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Cultural Traces Around the World

The Winter Solstice: A Time for Rest, Renewal, and Family

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As the Earth rotates, the North-South position of the Sun changes over the course of the year. The Winter Solstice represents the exact moment when the Sun is farthest south at an average of 23.5 degrees. This event takes place each year sometime between the 21st and 23rd of December, when the Earth completes its orbit around the Sun. It marks the end of autumn and the first day of the winter season for people living in the Northern Hemisphere. Conversely, those from the Southern Hemisphere have a Summer Solstice, or the longest stretch of daylight during this period. In fact, in parts of Antarctica, there is no night-time at all during this season!

Let’s take a look at how some of these ancient celebrations in various cultures have continued to this day. Known as one of the most famous archaeological sites in the world, Stonehenge in Southern England is an arrangement of enormous rocks carefully positioned on barren land. The megalith is often mentioned in the same breath as the Winter Solstice, precisely because one can witness the phenomenon of the Sun rising through the stones. Perhaps more familiar to the Western countries is Yule, which is one of the oldest winter celebrations in the world. It is primarily celebrated in the Northern and Western European cultures.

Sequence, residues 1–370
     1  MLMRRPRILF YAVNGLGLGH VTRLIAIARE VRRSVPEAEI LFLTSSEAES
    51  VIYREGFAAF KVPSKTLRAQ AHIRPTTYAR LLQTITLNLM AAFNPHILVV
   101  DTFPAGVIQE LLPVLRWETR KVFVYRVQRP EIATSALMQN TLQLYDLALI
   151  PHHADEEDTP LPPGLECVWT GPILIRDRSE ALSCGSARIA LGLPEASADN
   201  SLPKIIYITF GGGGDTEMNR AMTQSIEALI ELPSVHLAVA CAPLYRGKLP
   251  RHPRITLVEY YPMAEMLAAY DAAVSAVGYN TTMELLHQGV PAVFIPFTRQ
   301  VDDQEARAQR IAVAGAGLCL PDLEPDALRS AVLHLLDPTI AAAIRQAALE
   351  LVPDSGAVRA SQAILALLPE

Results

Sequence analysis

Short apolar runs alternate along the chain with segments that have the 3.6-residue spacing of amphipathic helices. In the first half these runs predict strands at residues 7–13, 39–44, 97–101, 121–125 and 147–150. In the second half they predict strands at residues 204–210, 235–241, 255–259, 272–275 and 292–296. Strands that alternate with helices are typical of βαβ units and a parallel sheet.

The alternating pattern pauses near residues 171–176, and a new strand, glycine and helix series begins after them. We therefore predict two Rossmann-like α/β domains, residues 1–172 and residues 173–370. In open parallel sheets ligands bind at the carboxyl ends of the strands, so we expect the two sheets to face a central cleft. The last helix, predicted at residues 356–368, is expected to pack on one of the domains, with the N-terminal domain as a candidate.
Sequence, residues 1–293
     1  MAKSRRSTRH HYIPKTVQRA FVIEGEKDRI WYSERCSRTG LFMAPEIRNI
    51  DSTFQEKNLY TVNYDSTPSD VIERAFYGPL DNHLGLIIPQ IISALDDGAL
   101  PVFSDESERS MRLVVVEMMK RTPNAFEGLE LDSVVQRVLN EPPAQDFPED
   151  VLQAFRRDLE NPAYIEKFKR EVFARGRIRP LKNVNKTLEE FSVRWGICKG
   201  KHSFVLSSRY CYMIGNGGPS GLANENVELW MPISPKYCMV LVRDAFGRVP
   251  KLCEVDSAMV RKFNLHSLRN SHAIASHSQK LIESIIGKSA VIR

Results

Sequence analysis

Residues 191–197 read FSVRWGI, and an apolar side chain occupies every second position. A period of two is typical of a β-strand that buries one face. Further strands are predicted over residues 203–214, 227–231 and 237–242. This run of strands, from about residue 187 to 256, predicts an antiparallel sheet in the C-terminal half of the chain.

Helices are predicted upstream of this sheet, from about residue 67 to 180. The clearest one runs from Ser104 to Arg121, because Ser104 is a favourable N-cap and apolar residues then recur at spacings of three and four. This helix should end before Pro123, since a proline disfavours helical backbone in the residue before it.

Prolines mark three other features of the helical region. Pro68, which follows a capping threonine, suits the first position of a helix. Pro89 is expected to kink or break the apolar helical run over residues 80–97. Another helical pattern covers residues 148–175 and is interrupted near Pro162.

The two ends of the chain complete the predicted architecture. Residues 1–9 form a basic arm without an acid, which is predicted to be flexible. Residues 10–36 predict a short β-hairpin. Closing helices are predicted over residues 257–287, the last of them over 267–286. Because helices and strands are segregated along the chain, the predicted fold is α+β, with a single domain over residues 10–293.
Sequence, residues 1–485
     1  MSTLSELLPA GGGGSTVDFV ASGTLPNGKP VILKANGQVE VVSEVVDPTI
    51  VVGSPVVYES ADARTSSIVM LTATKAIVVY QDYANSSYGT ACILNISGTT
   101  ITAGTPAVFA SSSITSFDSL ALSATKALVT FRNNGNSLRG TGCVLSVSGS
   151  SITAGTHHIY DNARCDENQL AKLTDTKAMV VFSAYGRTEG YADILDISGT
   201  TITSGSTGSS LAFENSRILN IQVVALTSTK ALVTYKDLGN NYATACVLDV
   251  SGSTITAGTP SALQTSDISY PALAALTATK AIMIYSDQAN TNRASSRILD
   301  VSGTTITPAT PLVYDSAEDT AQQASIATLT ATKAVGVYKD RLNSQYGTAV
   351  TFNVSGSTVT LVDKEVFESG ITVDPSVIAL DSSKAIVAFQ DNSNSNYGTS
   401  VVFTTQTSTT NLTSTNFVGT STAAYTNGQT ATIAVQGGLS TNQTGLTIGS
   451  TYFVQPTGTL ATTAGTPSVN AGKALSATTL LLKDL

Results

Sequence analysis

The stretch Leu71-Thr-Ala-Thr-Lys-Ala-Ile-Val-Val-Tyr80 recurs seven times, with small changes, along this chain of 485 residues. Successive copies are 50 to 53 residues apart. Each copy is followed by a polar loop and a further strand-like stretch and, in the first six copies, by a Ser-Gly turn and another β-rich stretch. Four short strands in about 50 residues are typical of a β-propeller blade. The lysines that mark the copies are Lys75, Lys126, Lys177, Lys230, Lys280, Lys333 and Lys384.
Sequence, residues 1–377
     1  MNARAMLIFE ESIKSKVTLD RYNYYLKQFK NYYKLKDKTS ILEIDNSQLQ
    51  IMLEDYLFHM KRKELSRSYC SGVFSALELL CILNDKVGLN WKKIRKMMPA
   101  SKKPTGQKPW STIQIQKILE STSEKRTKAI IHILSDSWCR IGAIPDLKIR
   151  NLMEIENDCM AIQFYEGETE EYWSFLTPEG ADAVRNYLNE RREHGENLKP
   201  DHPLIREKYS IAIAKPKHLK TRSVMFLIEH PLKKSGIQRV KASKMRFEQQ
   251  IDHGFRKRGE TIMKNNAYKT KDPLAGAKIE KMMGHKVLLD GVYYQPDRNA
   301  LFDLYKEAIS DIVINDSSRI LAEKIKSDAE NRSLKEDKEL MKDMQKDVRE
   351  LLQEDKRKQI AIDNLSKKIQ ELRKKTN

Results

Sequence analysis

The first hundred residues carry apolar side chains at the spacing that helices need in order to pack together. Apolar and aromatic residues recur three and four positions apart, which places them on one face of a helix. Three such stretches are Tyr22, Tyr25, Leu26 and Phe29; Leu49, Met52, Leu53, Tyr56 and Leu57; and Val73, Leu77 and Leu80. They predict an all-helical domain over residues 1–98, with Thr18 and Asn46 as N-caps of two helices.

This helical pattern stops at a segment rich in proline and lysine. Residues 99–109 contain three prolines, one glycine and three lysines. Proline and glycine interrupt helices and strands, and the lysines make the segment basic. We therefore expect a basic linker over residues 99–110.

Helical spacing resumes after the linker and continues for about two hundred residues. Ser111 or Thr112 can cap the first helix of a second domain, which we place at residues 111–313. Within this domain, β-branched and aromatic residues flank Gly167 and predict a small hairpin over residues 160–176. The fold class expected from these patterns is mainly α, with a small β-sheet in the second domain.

In China, the arrival of the Winter Solstice brings about the Dong Zhi festival, which translates to "Winter Arrives." Traditional Chinese beliefs hold it is an auspicious day, which means the unhappiness of the past has gone and new positive energy will emerge in the year to come. Its origins can be traced back to the Yin and Yang philosophy of balance and harmony in the cosmos. In Guatemala, the Santo Tomas Festival is celebrated in a spectacular style. Every December for a full week ahead of the Winter Solstice, natives in the town of Chichicastenango transform the surrounding areas into a grand event.

These are only glimpses into a few Solstice traditions. Perhaps the most important message passed down by many cultures and religions has been to honor this time as an opportunity for introspection and energy renewal. No matter the difficulties faced by humanity, the Winter Solstice is a sacred time of the year utilized to welcome the return of the Sun, which will nurture our souls after a long and challenging year.
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